Leading change is a changing workplace
The significant change brought about by Covid-19 abruptly reminded us that there is great power when we work together and stay connected. Particularly, if it’s a connection to something shared — a mission, or purpose, it can allow people to focus on something bigger than the momentary challenge and uncertainty.
Preventing change to fail
The failure rate of organisation transformations continues to hover around 70 percent. By its nature, transformational change creates discontinuity because it impacts the entire organisation. On the other hand, incremental change — such as implementing new systems and processes— touches specific areas of the business. Transformational change starts with an honest acknowledgement of how hard the work will be, how much capacity and discipline the team actually has, and the personal commitments of sponsoring executives. And most importantly, communicating change effectively requires listening to employees twice as much as telling them about the change.
Transformational change must become personal for every employee if it’s going to stick and leaders who are willing to roll up their sleeves and do their part to advance the transformation have the competitive advantage of letting the organisation know how and why the change is personal to them.
A connection to mission or purpose is a key during times of change and transition. The often-told story of the NASA janitor who, when asked by JFK during his NASA visit, “What are you doing?” responded, “I am helping to put a man on the moon.” illustrates just how deep the organisation’s mission runs, and how this helps successfully achieve ambitious goals.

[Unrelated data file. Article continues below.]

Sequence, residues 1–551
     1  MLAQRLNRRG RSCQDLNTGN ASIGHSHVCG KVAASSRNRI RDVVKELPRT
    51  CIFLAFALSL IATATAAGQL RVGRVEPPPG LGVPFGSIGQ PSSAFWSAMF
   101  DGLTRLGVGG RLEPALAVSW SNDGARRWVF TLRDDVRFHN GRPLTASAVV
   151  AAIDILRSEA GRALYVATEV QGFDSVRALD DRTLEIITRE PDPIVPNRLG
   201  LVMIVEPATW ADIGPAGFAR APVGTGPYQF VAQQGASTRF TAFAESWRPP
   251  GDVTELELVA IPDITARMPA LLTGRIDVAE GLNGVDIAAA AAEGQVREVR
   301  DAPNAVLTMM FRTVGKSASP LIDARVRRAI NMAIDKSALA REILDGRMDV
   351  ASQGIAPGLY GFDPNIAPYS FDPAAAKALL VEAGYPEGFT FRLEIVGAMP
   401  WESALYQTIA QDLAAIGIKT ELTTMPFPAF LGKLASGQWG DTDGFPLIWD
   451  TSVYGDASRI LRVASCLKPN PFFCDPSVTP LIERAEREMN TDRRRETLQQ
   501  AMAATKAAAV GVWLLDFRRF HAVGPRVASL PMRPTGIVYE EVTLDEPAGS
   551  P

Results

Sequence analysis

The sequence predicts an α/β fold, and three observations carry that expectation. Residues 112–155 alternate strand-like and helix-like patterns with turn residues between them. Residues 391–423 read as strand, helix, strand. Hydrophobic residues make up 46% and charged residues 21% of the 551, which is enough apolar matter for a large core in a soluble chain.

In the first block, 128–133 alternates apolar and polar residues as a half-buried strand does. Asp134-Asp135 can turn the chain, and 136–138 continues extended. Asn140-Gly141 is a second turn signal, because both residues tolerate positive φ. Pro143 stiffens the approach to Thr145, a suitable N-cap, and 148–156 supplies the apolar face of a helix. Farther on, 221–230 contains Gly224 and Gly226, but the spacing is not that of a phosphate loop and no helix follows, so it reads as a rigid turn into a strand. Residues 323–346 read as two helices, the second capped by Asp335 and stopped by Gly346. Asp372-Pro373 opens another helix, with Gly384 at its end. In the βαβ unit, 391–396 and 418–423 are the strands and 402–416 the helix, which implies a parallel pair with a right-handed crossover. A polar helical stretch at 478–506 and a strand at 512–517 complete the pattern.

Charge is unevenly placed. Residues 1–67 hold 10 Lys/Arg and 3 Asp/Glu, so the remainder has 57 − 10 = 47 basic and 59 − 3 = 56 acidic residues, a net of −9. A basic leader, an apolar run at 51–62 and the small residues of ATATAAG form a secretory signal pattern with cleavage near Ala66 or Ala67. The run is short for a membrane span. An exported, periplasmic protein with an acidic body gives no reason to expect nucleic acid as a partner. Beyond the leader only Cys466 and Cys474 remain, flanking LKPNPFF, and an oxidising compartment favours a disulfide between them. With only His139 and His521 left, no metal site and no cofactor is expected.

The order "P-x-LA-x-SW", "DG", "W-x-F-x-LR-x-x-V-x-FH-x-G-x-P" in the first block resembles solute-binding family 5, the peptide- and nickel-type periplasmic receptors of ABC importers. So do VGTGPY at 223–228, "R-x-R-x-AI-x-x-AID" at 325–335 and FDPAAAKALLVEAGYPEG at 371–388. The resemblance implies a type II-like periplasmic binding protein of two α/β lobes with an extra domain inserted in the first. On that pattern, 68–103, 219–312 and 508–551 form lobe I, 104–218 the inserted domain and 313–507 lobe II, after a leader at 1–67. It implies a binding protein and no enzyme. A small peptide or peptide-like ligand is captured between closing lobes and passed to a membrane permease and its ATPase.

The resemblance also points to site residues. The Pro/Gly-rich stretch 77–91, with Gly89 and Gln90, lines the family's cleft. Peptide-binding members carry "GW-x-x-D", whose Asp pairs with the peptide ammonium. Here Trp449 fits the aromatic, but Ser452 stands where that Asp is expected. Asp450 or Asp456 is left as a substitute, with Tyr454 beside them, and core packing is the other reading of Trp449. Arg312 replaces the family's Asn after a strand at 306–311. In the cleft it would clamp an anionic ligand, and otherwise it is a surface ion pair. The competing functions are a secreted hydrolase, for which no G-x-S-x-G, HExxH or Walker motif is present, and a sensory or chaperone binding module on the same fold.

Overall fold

New research from leaders at Infosys indicates that across a variety of industries, lasting, long-term change is most effective when it occurs over a series of smaller changes. The research found that a persistent set of small, synchronised changes is the best approach to drive large and lasting change as small changes, when made continuously over a period of time, have a compounding effect that drives larger change and transformation. Large-scale transformation takes a long time, and value realisation even longer. However, breaking change down allows the organisation to deconstruct it into a number of smaller initiatives that each have a well-defined objective and outcome. These can be delivered by small teams comprised of hybrid talent with diverse cross-functional skills.
The future of changing work
To assess the future of work, McKinsey recently analysed more than 2000 work activities across 800 occupations to see which could be done without a loss of productivity from home and found that 20 to 25 percent of the workforces in advanced economies could work remotely without losing effectiveness. This is four to five times as many as were working from home before the pandemic. Organisations already have hybrid remote work plans in place, giving them the opportunity to reduce office space, which will impact the geography of work, as well as reduce business travel. It is estimated that 20 percent of business travel might be fully replaced with virtual meetings in the long term, as it’s proving to be a more time-effective and eco-friendly way of working.
Covid-19 has completely transformed the way works gets done and proved that productivity and effectiveness are not defined by the number of hours we physically spend in the workplace, but by the quality of work we produce and the quality of the life we live. This shift means that some traditional business practices will never go back to pre-pandemic times. Disruptive and unexpected experiences are often opportunities for growth and this mindset can serve leaders and teams well and with the right approach, the current crisis can turn into an opportunity to move forward, build resilience and positive social impact.
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